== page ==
Mythologically speaking, the phoenix is a bird that never truly dies. After completing one life cycle, the bird begins its next life through an egg born by flames. In this sense, the beauty of the bird, along with its beautiful cry like that of a song, only makes sense for the title of the The Classic Crime's fourth career album. Now without a label to call home after the end of their contract with Tooth & Nail Records, the alternative rockers turned to self-production and fan-funded support to create their next record, and Phoenix is the spawn of these combined efforts.
With The Classic Crime's debut Albatross boasting mostly inexpert punk rock, both The Silver Cord and Vagabonds were unafraid to creep into unexplored territory for the band, and while not every song's attempt was completely successful, the outstretch for interesting melodies was never lost. The Classic Crime somewhat sticks to the shore for this effort, using an uncanny hybrid of The Silver Cord and Vagabonds' sounds. There are, of course, the occasional surprises that pop up, such as the astutely positioned violin and piano sections of "The Precipice" and the drawn-out, but still effective nature of "Heaven and Hell." The intro and outro to the album are also very fine additions and do create an elaborate atmosphere for the eleven tracks in between. With just enough experimentation to keep things moving, TCC continues to capture the alternative rock listener's ear.
Based purely on past precedent, a key diverging factor to TCC's approach is the lyrical frankness. Matt MacDonald's ruthless methods are truly one of his band's distinctives, but the catch to his brutal honesty is that it too often manifests itself as snide rather than virtuous. Phoenix displays a far more tactful approach to MacDonald's songwriting, however, but is hardly callous when discussing urgent issues. "Glass Houses" offers a stern warning to self-righteous Christians ("Somewhere deep down you know the difference/Between love and following orders/And if the chorus I sing is offensive it's proof that you've yet to address your disorder…/You naively believed that your ship couldn't sink/but it did"), while the closer "City of Orphans" touches a similar line of describing the antithesis of misguided, self-destructive lifestyles ("If God could just hear us/we think that He's near, but He left long ago/we're a city of orphans/what do we do to ourselves?/We take all the good and the heaven around us and turn it to hell"). All in all, MacDonald yearns to resist sin ("Beautiful Darkside," "Heaven and Hell," "Dead Rose") and to pursue a meaningful existence ("The Precipice," "Let Me Die," "What I'd Give Up"), and they're honorably- and earnestly-explored journeys. The simmering passion for fixing the status quo is still there, but it's far more agreeable, and that's only a benefit to Phoenix's theme.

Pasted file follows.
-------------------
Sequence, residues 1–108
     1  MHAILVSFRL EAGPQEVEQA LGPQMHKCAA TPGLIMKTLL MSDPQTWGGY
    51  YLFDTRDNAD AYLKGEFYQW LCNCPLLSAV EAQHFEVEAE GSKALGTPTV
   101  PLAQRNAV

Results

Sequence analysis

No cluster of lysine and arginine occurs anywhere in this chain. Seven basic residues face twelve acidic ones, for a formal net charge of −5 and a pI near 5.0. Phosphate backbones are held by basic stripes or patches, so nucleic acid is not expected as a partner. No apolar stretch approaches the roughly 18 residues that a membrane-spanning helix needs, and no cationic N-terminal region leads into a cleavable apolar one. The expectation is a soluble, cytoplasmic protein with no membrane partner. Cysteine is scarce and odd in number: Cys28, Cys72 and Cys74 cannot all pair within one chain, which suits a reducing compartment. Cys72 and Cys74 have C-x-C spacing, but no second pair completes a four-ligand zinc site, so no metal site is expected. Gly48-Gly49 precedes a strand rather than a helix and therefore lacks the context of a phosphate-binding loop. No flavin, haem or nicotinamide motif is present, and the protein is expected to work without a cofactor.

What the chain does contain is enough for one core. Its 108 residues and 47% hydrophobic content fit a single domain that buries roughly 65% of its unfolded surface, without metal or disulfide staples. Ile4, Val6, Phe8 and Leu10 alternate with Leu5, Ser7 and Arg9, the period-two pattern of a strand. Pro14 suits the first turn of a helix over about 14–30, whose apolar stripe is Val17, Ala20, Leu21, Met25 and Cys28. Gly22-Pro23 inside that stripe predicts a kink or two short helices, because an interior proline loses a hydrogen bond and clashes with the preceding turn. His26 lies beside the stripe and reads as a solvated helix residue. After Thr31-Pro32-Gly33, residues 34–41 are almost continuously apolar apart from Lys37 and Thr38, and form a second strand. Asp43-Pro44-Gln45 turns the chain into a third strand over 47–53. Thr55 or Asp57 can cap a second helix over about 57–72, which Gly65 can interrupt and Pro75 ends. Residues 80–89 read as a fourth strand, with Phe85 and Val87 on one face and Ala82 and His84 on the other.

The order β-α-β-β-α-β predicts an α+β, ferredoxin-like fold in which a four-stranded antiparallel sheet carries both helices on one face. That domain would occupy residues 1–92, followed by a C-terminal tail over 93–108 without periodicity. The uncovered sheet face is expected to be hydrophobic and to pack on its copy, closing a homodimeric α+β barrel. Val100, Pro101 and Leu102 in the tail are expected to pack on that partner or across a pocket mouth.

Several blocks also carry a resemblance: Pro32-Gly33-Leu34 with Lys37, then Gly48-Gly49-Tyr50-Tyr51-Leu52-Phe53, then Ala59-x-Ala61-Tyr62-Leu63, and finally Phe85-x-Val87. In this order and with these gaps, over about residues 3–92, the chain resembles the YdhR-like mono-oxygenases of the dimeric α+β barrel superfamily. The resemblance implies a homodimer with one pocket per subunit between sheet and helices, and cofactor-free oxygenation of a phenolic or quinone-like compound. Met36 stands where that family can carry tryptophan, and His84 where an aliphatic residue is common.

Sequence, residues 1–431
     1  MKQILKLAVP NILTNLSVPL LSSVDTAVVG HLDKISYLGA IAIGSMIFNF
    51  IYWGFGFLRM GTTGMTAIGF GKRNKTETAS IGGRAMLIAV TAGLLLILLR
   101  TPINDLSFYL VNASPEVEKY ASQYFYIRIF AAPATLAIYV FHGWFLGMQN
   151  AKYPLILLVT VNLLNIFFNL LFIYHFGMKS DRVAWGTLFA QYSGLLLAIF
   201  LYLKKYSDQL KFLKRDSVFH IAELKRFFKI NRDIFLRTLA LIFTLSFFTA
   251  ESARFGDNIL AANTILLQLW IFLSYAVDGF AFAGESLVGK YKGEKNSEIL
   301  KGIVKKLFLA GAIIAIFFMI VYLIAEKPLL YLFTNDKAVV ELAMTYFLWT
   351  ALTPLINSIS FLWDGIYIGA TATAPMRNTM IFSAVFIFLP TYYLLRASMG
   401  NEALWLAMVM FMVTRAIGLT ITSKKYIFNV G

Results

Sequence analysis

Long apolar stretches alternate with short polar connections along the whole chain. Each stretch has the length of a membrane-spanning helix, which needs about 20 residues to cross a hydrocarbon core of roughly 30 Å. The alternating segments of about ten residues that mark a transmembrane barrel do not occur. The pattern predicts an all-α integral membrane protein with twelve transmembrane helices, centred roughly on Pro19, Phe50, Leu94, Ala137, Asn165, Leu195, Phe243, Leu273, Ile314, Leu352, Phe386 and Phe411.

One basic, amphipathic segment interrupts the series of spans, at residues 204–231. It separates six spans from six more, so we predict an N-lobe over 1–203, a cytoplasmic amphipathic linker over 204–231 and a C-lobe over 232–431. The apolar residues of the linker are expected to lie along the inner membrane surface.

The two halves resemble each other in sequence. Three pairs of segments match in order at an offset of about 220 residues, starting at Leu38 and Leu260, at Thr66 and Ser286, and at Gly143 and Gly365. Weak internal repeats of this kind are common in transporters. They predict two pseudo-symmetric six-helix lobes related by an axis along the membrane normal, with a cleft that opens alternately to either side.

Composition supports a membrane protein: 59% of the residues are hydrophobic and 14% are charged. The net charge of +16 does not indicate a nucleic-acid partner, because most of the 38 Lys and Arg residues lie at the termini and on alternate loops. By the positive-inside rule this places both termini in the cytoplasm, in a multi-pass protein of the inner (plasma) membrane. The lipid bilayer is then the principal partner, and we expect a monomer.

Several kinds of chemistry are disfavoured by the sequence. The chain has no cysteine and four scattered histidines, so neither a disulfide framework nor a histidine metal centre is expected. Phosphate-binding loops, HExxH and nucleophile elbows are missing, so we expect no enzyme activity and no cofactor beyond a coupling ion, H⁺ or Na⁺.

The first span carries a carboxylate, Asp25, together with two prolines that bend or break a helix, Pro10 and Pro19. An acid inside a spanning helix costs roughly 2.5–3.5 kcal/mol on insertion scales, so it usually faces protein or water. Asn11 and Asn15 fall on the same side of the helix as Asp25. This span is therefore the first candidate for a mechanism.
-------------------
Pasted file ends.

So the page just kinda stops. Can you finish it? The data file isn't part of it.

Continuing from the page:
Upon surveying Phoenix through and through, it's still clear that The Classic Crime is still very capable of exploring more avenues, but The Silver Cord has yet to be surpassed. Of course, The Silver Cord: Part II isn't going to happen, nor should it; it would be petty and impertinent to continually expect The Classic Crime to strive for that goal. But with Phoenix operating on a noticeably smaller scale (and Vagabonds even more so), it's difficult not to compare it to what is TCC's magnum opus, and there's plenty the quartet can do to change up their approach for another shot at their personal best, especially now as an independent band. While TCC continues to evolve lyrically and adapt to new circumstances, they now have the new goal of building back up to epic proportions, and it may be the next album before they truly reach it.
Despite any unrealized potential, Phoenix very accurately sums up The Classic Crime's approach as an independent band: a renewal of practical and thematic measures. TCC is more than willing to try new things and plow through their songwriting process with determination and conviction, and there's plenty to showcase as a driving, convincing, and always thoughtful rock project. With the band's Tooth & Nail days in the past, Phoenix rises from the ashes to thrust the foursome into a new chapter of more uncertainty-one that's begun with among the finest and most fiery of notes.- PReview date: 7/30/12, written by Roger Gelwicks of Jesusfreakhideout.com
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